"The Kingdom of God is drawing nigh, my beloved brethren," he wrote. "The reward of life, the eternal joy of salvation, perpetual gladness, the lost paradise-this is what we shall inherit when this earthly life passes away. A heavenly, eternal glory will replace vain, worldly pleasures. Is this any time to be despondent or fearful? What room is there here for anxiety and solicitude? Who, in the midst of these things is trembling and sad, except he who is without hope and faith?"
"Even if this mortality conferred nothing else, it has done this benefit to Christians and to God's servants, that we begin gladly to desire martyrdom as we learn not to fear death. These are the trainings for us, not deaths: they give the mind the glory of fortitude; by contempt of death they prepare for the crown."
". . . with a sound mind, with a firm faith, with a robust virtue, let us be prepared for the whole will of God: laying aside the fear of death, let us think on the immortality which follows. By this let us show ourselves to be what we believe, that we do not grieve over the departure of those dear to us, and that when the day of our summons shall arrive, we come without delay and without resistance to the Lord when He Himself calls us. And this, as it ought always to be done by God's servants, much more ought to be done now-now that the world is collapsing and is oppressed with the tempests of mischievous ills; in order that we who see that terrible things have begun, and know that still more terrible things are imminent, may regard it as a great advantage to depart from it as quickly as possible." "We should ever and anon reflect that we have renounced the world, and are in the meantime living here as guests and strangers. Let us greet the day which assigns each of us to his own home, which snatches us hence, and sets us free from the snares of the world, and restores us to paradise and the kingdom."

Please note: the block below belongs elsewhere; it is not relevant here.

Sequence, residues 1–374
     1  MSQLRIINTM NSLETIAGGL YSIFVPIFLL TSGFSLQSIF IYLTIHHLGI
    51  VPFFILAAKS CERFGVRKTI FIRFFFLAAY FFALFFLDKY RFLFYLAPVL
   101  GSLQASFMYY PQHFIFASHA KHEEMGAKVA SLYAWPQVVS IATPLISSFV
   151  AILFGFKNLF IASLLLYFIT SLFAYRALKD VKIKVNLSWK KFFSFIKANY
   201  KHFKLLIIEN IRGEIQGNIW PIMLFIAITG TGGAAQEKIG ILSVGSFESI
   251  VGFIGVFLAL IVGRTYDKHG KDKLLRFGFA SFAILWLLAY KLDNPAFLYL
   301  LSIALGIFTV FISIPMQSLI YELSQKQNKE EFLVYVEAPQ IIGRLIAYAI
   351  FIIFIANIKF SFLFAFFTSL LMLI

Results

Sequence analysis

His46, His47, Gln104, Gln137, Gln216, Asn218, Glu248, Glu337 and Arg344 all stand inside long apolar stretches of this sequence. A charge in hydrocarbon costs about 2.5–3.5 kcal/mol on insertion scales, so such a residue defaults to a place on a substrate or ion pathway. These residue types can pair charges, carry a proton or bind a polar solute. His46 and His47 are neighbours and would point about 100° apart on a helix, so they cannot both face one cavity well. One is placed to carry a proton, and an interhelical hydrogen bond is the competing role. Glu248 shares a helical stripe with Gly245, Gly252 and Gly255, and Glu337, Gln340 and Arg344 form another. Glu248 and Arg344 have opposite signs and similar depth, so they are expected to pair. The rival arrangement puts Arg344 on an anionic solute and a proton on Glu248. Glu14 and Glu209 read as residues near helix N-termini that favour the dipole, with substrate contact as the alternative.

In 252, the emperor Gallus renewed the persecution of Christians. This time Cyprian decided not to leave. Anticipating a recurrence of earlier cruelties, he tried to prepare the Christians to stand fast. His exhortations to martyrdom contain admonitions and reassurances similar to those in his treatise, "On Mortality," while holding up the further reward of the martyr's crown:
"[Martyrdom] is a baptism greater in grace, more lofty in power, more precious in honor-a baptism wherein angels baptize-a baptism in which God and His Christ exult-a baptism after which no one sins any more-a baptism which completes the increase of our faith-a baptism which, as we withdraw from the world, immediately associates us with God."
Gallus's successor, the emperor Valerian, was at first sympathetic to the Christians, and for several years the Church enjoyed relative tranquility. It was during this time that St. Cyprian wrote a number of treatises which reflect his timeless and practical pastoral concerns: "On the Advantage of Patience," "On Works and Alms," "On Jealousy and Envy," and "On Virginity." But a member of Valerian's court, the evilly ambitious Macrian, persuaded the emperor that the Christians were dangerous rivals and that their loyalty to the Church threatened the unity of the empire. The resulting persecution was directed primarily at the leaders of the Church, and in 257 Saint Cyprian was exiled to Curibis. There he had a vision, indicating that a year later he would be martyred. And indeed, just a year later Cyprian was brought to trial. From the recorded court proceedings, it is evident that he impressed all by his wonderful scorn of suffering. When the proconsul announced the death sentence, many of his flock, who had risked their lives to come for a final blessing, cried out, "Let us die with him!" Cyprian was beheaded on September 14, 258, becoming the first hieromartyr of the Church of Carthage. The Christians reverently buried his holy remains, which, in the reign of Charlemagne, were taken to France. We tend to think that the lives of martyrs, while inspiring, are not particularly relevant to us. In fact, martyrdom is the very essence of the Christian life. Whether or not we think the coming of Antichrist and the persecution of Christians is imminent, we would do well to heed the exhortations of Saint Cyprian and practice the martyrs' marvellous and soul-saving detachment from this world that we too might bravely welcome death and with confidence cry out with the Seer of Mysteries, "Come, Lord Jesus!"
Sources: Izbranniye Zhitiya Sviatikh by A. N. Bakhmeteva, Moscow 1872;History of the Church by Eusebius; " Life of St. Cyprian" by Pontius the Deacon, and writings of St. Cyprian in Ante-Nicene Fathers, vol. 5, Hendrickson, 1994.